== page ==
There is little question that these patients require anatomic reduction of the syndesmosis with operative fixation. There is some discussion over the exact method with which to fix them. The standard teaching is to reduce the syndesmosis closed, using a large clamp with the ankle dorsiflexed. This is viewed on anteroposterior and lateral projection to ensure anatomic reduction. After reduction, the screws are placed percutaneously from the fibula to the tibia at a 20-degree angle posteriorly to anteriorly to ensure placement of the screw into the tibia. The postoperative course is then non-weight bearing for 6 to 8 weeks, followed by weight bearing as tolerated for a few weeks, followed by screw removal at 10 to 12 weeks.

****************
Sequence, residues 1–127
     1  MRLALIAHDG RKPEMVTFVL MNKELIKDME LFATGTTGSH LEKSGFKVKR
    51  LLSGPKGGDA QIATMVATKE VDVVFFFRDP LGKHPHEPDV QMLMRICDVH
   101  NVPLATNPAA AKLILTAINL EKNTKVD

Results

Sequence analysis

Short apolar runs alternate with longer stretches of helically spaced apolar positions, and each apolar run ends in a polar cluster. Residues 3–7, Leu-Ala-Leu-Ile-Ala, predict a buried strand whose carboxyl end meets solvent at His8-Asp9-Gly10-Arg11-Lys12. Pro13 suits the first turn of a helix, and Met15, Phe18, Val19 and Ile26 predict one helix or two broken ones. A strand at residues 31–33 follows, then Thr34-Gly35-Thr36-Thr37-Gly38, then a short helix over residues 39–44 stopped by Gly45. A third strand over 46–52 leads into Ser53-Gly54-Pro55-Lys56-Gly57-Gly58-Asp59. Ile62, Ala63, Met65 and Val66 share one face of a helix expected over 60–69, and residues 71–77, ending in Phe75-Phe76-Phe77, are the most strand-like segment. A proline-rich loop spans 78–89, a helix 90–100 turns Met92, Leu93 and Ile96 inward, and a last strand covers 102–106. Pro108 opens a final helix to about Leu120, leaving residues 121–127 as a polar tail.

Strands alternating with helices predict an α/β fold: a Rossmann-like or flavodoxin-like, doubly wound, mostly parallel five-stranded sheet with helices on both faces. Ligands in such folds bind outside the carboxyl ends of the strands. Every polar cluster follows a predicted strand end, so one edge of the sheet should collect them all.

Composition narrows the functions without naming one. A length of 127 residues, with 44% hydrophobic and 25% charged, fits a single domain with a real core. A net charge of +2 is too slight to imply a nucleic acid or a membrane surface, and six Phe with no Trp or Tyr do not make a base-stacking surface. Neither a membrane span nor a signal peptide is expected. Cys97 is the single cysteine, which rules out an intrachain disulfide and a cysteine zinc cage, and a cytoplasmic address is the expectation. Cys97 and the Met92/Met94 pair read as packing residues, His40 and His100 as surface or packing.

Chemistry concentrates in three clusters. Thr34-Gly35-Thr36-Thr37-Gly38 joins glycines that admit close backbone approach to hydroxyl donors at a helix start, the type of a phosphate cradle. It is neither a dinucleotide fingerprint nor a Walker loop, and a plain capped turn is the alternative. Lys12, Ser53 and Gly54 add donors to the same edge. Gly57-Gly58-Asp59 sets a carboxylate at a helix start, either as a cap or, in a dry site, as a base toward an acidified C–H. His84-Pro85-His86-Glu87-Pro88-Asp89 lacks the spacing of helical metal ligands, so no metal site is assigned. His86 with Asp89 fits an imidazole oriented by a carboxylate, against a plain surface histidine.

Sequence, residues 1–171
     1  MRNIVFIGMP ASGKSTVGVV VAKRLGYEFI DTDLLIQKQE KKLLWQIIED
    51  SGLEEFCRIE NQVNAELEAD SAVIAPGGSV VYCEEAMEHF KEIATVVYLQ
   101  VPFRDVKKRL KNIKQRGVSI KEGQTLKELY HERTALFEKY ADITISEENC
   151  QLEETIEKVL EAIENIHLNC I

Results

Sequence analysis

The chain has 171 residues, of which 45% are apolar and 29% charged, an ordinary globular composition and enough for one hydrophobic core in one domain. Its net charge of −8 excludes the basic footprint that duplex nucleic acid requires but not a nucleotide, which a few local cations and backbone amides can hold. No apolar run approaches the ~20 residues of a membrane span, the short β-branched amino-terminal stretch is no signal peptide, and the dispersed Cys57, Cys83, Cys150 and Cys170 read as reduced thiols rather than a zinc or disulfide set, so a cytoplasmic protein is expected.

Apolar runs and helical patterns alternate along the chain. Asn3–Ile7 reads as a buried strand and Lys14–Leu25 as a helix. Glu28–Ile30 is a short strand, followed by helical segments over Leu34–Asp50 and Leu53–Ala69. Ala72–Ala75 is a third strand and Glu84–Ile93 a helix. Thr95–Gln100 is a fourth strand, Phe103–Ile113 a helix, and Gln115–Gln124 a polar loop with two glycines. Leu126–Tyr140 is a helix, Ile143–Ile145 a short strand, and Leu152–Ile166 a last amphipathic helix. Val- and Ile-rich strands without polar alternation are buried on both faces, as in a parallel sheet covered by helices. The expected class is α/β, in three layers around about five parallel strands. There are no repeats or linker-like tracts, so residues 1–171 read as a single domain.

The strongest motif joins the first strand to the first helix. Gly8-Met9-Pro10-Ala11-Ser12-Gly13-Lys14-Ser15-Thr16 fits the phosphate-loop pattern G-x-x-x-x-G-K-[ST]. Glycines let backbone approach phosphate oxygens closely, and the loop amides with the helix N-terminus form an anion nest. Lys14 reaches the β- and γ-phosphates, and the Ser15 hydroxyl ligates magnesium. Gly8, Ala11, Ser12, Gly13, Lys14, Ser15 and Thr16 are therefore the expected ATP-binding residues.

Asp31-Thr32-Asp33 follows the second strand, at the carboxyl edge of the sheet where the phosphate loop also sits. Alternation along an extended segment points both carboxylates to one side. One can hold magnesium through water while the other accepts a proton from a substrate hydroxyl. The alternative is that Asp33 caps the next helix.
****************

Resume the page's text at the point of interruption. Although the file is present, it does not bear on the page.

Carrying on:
Some authors recommend open reduction with direct ligament repair of the syndesmosis. Certainly, if a significant amount of force is required or if the syndesmosis will not reduce, open reduction is indicated, but this is rarely necessary. There is controversy over the size of screws and how many to place. Most recommend either two 3.5-mm cortical screws 1 cm apart, with the inferior screw 1 cm above the plafond, or one 4.5-mm cortical screw. The length of the screw is also debated, with some recommending three cortices and others recommending four. Controversy also exists over whether to remove screws. Screws limit the ability of the fibula to rotate normally. The screws often eventually break, but broken screws rarely cause any sequelae. They are more difficult to remove after they have broken. Regardless of the fixation used, anatomic reduction and maintenance of fixation until the syndesmotic ligaments have healed are the mainstays of treatment.
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